Search Images Maps Play YouTube News Gmail Drive More »
Sign in
Books Books 31 - 40 of 55 on Do not undervalue an enemy by whom you have been worsted. When our countrymen came....  
" Do not undervalue an enemy by whom you have been worsted. When our countrymen came home from fighting with the Saracens, and were beaten by them, they pictured them with huge, big, terrible faces as you still see the sign of the Saracen's head is, when... "
Curiosities of London: Exhibiting the Most Rare and Remarkable Objects of ... - Page 401
by John Timbs - 1855 - 800 pages
Full view - About this book

the universal anthology

RICHARD GARNETT - 1899
...and settled, then truth appears. War. — Do not undervalue an enemy by whom you have been worsted. When our countrymen came home from fighting with the...other men. But this they did to save their own credit. Wisdom. — A wise man should never resolve upon anything, at least never let the world know his resolution...
Full view - About this book

The Universal Anthology: A Collection of the Best Literature ..., Volume 14

Richard Garnett, Léon Vallée, Léon Vallée (i.e. Alexandre Léon), Alois Brandl - Literature - 1899
...and settled, then truth appears. - War. — Do not undervalue an enemy by whom you have been worsted. When our countrymen came home from fighting with the...truth they were like other men. But this they did to save^thdjr own credit. "" Wisdom. — A wise man. should never resolve upon anything, at least never...
Full view - About this book

English Belles-lettres: From A. D. 901 to 1834

Boethius, Roger Ascham, George Gascoigne, Sir Philip Sidney, John Selden, Sir Thomas Browne, John Arbuthnot, Henry St. John Bolingbroke (Viscount), Thomas Chatterton, Samuel Taylor Coleridge - English literature - 1901 - 403 pages
...and ingenuous, and that destroys them. WAR. Do not undervalue an enemy by whom you have been worsted. When our countrymen came home from fighting with the...like other men. But this they did to save their own credits. Question : Whether may subjects take up arms against their prince? Answer: Conceive it thus:...
Full view - About this book

English Belles-lettres from A.D. 907 to 1834 ...

Boethius, Roger Ascham, George Gascoigne, Sir Philip Sidney, John Selden, Sir Thomas Browne, John Arbuthnot, Viscount Henry St. John Bolingbroke, Thomas Chatterton, Samuel Taylor Coleridge - English literature - 1901 - 403 pages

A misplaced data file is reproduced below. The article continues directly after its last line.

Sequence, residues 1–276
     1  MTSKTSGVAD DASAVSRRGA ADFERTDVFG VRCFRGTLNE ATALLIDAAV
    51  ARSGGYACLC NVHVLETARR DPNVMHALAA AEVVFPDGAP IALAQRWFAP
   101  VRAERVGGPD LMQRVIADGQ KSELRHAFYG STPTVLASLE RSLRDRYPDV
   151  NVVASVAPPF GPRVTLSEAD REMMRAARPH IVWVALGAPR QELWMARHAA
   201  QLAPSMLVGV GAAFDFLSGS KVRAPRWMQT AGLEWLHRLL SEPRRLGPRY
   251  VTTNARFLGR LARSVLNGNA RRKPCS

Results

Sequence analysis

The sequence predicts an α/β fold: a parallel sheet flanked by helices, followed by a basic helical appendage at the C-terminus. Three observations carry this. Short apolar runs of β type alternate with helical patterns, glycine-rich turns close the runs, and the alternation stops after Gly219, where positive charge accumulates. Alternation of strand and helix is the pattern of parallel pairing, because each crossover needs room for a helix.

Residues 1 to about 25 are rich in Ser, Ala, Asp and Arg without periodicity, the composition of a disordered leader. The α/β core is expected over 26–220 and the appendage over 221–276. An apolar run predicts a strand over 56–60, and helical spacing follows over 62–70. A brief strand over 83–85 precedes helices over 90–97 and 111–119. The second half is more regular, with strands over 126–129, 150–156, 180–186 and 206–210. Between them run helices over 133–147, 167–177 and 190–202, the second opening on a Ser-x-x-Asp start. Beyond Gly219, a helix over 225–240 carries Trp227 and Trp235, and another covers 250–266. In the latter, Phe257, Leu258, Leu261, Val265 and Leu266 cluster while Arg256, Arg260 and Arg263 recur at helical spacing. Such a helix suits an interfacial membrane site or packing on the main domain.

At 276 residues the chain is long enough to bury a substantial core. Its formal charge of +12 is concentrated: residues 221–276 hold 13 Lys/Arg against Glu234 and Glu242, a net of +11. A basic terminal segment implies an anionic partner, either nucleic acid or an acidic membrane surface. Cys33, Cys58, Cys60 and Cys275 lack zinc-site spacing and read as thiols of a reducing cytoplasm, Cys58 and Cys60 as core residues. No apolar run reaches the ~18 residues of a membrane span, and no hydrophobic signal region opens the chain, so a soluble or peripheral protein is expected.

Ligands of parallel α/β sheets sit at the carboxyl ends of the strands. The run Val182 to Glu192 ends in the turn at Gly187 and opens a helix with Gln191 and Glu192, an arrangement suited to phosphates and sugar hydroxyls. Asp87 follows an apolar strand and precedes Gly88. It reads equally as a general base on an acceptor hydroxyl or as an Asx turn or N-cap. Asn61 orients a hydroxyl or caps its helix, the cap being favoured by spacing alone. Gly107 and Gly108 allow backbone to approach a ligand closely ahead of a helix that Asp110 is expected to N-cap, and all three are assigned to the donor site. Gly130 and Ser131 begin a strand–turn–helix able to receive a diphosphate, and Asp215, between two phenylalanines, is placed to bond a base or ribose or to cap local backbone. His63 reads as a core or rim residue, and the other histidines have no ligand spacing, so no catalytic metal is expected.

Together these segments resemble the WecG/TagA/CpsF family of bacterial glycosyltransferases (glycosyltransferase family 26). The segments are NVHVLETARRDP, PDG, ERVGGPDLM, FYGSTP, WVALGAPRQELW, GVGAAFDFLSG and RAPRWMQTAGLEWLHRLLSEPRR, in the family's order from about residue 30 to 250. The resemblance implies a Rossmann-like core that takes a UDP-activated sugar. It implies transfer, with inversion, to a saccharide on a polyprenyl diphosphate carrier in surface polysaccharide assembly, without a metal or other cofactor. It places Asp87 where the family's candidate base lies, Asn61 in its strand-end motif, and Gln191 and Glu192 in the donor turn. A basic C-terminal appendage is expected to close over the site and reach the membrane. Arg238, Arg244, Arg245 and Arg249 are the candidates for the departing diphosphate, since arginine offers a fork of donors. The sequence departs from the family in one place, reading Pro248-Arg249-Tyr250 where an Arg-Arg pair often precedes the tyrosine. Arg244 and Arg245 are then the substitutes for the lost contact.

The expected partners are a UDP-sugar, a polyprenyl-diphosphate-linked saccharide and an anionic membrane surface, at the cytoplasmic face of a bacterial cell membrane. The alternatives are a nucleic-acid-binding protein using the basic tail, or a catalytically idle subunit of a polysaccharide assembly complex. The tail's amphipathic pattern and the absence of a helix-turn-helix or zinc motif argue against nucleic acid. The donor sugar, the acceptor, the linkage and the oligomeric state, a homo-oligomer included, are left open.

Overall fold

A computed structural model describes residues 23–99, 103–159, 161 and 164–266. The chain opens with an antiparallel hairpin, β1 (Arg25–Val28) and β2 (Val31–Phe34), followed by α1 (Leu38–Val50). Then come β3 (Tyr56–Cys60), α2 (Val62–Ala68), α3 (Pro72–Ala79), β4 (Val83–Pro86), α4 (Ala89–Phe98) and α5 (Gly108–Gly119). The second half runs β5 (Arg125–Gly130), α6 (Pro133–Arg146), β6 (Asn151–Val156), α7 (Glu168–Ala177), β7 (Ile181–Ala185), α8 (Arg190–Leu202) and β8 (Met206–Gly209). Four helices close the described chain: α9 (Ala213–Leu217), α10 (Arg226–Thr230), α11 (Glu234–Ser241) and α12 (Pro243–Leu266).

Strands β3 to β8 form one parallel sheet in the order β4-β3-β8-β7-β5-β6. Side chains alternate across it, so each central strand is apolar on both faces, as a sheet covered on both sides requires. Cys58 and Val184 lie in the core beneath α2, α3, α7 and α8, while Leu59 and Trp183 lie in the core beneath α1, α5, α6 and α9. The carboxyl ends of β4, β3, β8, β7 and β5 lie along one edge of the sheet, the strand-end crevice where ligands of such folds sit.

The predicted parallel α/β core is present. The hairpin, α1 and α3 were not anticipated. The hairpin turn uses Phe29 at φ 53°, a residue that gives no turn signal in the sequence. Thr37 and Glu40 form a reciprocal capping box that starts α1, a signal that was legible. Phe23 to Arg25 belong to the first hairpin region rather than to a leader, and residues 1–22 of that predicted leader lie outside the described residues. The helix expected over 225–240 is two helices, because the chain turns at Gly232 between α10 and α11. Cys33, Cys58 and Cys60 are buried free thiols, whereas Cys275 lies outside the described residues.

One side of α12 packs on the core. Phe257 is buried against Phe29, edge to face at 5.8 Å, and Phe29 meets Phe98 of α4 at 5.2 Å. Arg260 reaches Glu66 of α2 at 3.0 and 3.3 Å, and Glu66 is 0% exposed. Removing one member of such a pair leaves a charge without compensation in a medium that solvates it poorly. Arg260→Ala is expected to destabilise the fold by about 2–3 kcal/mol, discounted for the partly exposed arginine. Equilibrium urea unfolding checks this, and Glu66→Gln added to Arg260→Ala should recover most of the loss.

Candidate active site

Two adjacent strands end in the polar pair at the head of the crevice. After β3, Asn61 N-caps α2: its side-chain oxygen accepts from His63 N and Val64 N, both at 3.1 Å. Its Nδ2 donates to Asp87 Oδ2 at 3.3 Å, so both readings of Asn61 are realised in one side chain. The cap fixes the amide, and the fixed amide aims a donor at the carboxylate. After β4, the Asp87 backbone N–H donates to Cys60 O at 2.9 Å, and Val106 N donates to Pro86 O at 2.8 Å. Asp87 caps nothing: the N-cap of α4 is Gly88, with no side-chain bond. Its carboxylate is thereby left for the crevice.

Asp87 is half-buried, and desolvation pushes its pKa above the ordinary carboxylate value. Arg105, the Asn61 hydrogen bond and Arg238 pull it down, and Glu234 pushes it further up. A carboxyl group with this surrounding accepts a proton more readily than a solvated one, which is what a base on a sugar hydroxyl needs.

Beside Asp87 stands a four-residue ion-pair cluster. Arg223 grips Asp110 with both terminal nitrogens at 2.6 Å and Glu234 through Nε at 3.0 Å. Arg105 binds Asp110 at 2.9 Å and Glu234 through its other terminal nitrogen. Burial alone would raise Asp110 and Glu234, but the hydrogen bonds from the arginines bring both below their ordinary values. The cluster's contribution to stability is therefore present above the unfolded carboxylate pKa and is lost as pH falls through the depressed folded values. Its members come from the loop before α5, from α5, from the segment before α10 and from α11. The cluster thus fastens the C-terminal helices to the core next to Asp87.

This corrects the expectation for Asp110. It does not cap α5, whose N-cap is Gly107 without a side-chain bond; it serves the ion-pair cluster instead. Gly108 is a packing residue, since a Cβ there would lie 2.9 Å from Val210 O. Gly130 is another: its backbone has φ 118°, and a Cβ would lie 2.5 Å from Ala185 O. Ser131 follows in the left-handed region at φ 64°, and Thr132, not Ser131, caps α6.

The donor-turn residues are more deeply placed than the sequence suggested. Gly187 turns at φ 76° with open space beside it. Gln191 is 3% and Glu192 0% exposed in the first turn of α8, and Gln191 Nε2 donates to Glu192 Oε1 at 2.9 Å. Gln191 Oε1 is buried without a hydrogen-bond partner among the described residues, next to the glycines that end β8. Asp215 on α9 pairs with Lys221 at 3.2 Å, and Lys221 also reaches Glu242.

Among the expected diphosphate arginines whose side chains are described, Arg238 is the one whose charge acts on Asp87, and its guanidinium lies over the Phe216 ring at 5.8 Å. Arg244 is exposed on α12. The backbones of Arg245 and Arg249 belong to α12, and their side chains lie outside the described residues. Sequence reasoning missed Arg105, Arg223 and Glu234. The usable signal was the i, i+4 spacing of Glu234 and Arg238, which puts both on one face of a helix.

...and ingenuous, and that destroys them. WAR. Do not undervalue an enemy by whom you have been worsted. When our countrymen came home from fighting with the...like other men. But this they did to save their own credits. Question: Whether may subjects take up arms against their prince? Answer: Conceive it thus:...
Full view - About this book

Universal Classics Library, Volume 8

Oliver Herbrand Gordon Leigh - Literature - 1901
...and ingenuous, and that destroys them. WAR. Do not undervalue an enemy by whom you have been worsted. When our countrymen came home from fighting with the...like other men. But this they did to save their own credits. Question : Whether may subjects take up arms against their prince? Answer: Conceive it thus...
Full view - About this book

The Sir Roger de Coverley Papers from the Spectator

Joseph Addison - 1902 - 249 pages
...Salutes, salutations ; p. 54, 1. 4. Same condition [as I am]; p. 116.1. 25Saracen's Head, p. 160, 1. 9; "When our countrymen came home from fighting with...Saracens, and were beaten by them, they pictured them with big, terrible faces (as you still see the sign of the Saracen's Bead Is), when in truth they were like...
Full view - About this book

The Sir Roger de Coverley Papers from the Spectator

Joseph Addison - 1903 - 249 pages
...p. 110, 1. 25> GLOSSARY Saracen's Head, p. 160, 1. 9; "When our countrymen came home from righting with the Saracens, and were beaten by them, they pictured them with big, terrible faces (as you still see the sign of the Saracen's Head is), when in truth they were like...
Full view - About this book

Shakespeare's London

Henry Thew Stephenson - Great Britain - 1905 - 357 pages
...equal stable room, but none so many beds. " Do not undervalue an enemy by whom you have been worsted. When our countrymen came home from fighting with the...men. But this they did to save their own credit." (Seldon's Table Talk.) Though written long after the Elizabethan age, the following description by...
Full view - About this book

Shakespeare's London

Henry Thew Stephenson - Great Britain - 1905 - 357 pages
...equal stable room, but none so many beds. " Do not undervalue an enemy by whom you have been worsted. When our countrymen came home from fighting with the...men. But this they did to save their own credit." (Seldon's Table Talk.) Though written long after the Elizabethan age, the following description by...
Full view - About this book

A Handy Book of Curious Information: Comprising Strange Happenings in the ...

William Shepard Walsh - Curiosities and wonders - 1913 - 942 pages
...King's Arms afterward became. Snlden, in his " Table Talk," gives an uncivil reason for it; he says, "When our countrymen came home from fighting with...Saracens, and were beaten by them, they pictured them with large, big, terrible faces (as you still see the sign of the Saracen's Head is), when, in truth, they...
Full view - About this book




  1. My library
  2. Help
  3. Advanced Book Search
  4. Download EPUB
  5. Download PDF